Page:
The other side of the invitation had the RSVP information, our street address and advised guests with allergies that we have cats.  Each invitation was then taken apart and the pieces put in a manila envelope.  I found a LEGO font online, downloaded it to the computer and printed out a “label” (just a sheet of printer paper I taped to the front of each envelope) that read:


We then hand delivered each invitation.

B is a member of the Geoffrey Birthday Club at Toys R Us and every year he receives a birthday card and $3 coupon to spend in the store.  This year, I also received a coupon in the mail – $5 off $25 – I assume to encourage me to buy the birthday boy’s present at their store.  The 3 of us headed up to TRU with our coupons and B’s wallet on October 1st.  I was disappointed that they did not have any of the LEGO tubs that contain random bricks for use at the party.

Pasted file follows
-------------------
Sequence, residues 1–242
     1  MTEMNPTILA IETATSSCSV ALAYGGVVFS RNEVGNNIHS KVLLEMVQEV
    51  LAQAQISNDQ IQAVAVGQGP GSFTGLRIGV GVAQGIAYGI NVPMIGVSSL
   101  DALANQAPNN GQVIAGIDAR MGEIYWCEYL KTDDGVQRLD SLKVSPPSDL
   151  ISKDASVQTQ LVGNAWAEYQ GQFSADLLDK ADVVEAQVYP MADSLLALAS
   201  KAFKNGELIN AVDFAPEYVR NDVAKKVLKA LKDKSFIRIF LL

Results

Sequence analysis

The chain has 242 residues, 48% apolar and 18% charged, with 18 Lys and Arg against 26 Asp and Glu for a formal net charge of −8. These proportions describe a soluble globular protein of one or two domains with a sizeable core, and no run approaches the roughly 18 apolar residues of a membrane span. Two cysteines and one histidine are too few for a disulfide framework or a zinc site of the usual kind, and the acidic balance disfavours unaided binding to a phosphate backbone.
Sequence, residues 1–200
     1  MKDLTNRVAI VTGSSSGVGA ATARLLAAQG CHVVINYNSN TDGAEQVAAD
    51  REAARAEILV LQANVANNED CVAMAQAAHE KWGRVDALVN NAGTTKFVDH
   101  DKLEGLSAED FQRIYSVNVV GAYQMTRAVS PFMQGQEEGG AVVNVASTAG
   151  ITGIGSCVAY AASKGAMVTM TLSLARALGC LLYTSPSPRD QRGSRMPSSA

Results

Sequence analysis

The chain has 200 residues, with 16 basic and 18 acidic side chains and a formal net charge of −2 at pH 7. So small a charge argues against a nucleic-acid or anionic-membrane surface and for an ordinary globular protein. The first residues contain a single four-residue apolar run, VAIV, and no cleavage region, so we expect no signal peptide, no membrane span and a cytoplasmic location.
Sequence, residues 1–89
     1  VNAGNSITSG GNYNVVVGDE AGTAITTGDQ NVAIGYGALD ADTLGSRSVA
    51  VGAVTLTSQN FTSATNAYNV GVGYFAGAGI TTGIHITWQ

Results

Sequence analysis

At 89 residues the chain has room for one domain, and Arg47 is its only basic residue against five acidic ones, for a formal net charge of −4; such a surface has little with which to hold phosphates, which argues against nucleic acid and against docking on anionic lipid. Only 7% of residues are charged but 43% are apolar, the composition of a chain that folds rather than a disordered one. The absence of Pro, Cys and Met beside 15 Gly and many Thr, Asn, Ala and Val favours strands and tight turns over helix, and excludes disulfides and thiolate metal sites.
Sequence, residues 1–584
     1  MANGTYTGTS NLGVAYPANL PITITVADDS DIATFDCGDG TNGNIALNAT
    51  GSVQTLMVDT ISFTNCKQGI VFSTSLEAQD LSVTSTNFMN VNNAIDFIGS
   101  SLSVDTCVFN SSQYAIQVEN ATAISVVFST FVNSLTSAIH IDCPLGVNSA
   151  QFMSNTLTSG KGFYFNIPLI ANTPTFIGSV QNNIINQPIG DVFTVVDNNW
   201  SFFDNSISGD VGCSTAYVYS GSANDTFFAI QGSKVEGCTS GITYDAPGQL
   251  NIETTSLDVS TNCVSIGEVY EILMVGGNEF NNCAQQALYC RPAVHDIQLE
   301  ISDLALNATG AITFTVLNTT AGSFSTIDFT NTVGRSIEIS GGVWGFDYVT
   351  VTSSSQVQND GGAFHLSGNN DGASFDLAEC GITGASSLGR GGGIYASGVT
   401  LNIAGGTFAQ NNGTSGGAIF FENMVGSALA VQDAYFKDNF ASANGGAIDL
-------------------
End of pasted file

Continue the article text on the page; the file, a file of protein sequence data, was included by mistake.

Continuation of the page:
However, I was psyched to find these LEGO Fun Favor Packs on the Clearance rack!  The original price was not listed, but they were marked down to $12.98 and there were signs up stating that additional markdowns on all clearance items would be taken at the register.  I picked up 2, because I needed 8 car kits for the party, and there were only 4 car kits and 4 plane kits in each box.  At the register they rang up as $8.50 each and I used my $5 off coupon!  (Ben’s purchase with his own money was added to my purchase to reach the $25 minimum required to use the coupon.)

I ended up ordering the below random bricks set from  It had 650 bricks (81 bricks per child), cost $28.79 and shipping was free.

I divided the 650 bricks (I counted all of them and there were actually only 647 bricks in this box.  However, since every other set we have ever received from LEGO came with extra pieces, I decided not to make a stink about it) into 8 ziptop sandwich baggies to keep them separated. Those baggies came back to haunt me at the party…

I made 2 LEGO brick cakes.  I was going to make one 9″ x 13″ cake in the shape of a rectangular brink.  However, B informed me that the rectangle was not the classic, original brick.  The square one with 4 nodules on top was and, therefore, I needed to make that kind of brick.  So I made 2, square LEGO brick cakes – one vanilla and one chocolate.  I even took a toothpick and wrote the word “LEGO” on the top of each nodule, just like the real bricks.  :o)  These cakes were definitely not my best work, but the kids thought they were awesome and that’s all that mattered to me!